I have survived so much loss, as all of us have by our 40th-my parents, dear friends. my pets. Rubble is the ground on which our deepest friendships are built. If you haven't already, you will lose someone you can't live without, and your heart will be badly broken, and the bad news is that you never completely get over the loss of a beloved person. But this is also the good news. They live forever, in your broken heart that doesn't seal back up. And you come through. It's like having a leg that never heals perfectly-that still hurts when the weather is cold-but you learn to dance with the limp. You dance to the absurdities of life; you dance to the minuet of old friendships.

I danced alone for a couple of years, and came to believe I might not ever have a passionate romantic relationship-might end up alone! I'd been so terrified of this my whole life. But I'd rather never be in a couple or never get laid again than to be in a toxic relationship. I spent a few years celibate. It was lovely, and it was sometimes lonely. I had surrendered;

I'd run out of bullets. But I learned to be the person I wished I'd meet-at which point I found a kind, artistic, handsome man. we have been together 20 months now, when we get out of bed, we hold our lower backs, like Walter Brennan, and we smile.

Younger women worry that their memories will begin to go. And you know what? They will. Menopause has not increased my focus and retention as much as I'd been hoping. But a lot is better off missed. A lot is better not gotten around to.

I know many of the women at the wedding fear getting older, and I wish I could gather them together again and give them my word of honor that every one of my friends loves being older, loves being in her 40s, 50s, 60s, 70s. My Aunt Gertrud is 85 and leaves us behind in the dust when we hike. Look, my feet hurt some mornings, and my body is less forgiving when I exercise more than I'm used to. But I love my life more, and me more. I'm so much juicier. And, like that old saying goes, it's not that I think less of myself, but that I think of myself less often. And that feels like heaven to me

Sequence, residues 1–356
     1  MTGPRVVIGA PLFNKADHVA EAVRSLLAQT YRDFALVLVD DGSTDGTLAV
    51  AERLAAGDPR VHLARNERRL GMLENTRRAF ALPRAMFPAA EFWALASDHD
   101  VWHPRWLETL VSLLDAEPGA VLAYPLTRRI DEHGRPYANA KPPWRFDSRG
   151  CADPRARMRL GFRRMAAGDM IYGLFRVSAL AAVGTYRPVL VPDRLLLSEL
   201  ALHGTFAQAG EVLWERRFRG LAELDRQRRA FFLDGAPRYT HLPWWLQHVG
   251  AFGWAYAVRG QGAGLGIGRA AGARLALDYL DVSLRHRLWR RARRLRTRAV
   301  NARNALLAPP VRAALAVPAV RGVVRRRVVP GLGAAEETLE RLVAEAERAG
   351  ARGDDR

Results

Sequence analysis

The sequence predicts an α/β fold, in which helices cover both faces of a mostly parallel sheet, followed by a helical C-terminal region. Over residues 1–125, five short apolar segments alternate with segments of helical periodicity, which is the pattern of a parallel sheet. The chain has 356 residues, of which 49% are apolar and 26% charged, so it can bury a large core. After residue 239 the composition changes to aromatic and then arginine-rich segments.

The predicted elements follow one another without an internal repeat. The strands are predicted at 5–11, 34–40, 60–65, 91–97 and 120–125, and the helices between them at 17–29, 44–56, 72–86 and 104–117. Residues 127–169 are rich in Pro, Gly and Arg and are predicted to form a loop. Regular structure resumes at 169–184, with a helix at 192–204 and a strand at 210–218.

Other People's Words 08:27 PM | Permalink | Comments (7) | TrackBack

January 17, 2005

I'd like a little social commentary with my knitting, please

Note that I have added two new quotes on the left, cribbed from Bohemian Mama, now added to the blogroll on the right. I can't believe I didn't find this site sooner, as she and I read a lot of the same blogs!

On the knitting front, I finished my dimsum cat toy (I made the won ton) and just need to stuff it. It turned out bigger than I would like, so the next one will be smaller. I'll take pictures soon.

Knitting, Other People's Words, Weblogs 10:27 AM | Permalink | Comments (1) | TrackBack

November 23, 2004

What is True in This Moment?

Honesty can be cultivated by transforming your inner language. For example, you might think: "I am no good" or "They are not good." Is this true? For some strange reason, people want to wallow in the idea of being either the best or the worst. What is true in this moment? How close can we get to the reality of our experiences?

-Martine Batchelor, "Meditation For Life"

Copyright Wisdom Publications 2001. Reprinted from "Daily Wisdom: 365 Buddhist Inspirations," edited by Josh Bartok, with permission of Wisdom Publications, 199 Elm St., Somerville MA 02144 U.S.A,

Other People's Words 10:21 AM | Permalink | Comments (1) | TrackBack

November 10, 2004

surrender your impressions

We plant merit with our minds, and we commit crimes with our minds. With our minds, we imprint images. This one mind is like an artist. It can draw anything, and what it draws is realized. If you surrender your impressions, ideas, thoughts, and so on at the moment they arise without imprinting them on your mind, your minds will not be tainted, just as the lotus flower is not tainted by the muddy water whence it grows.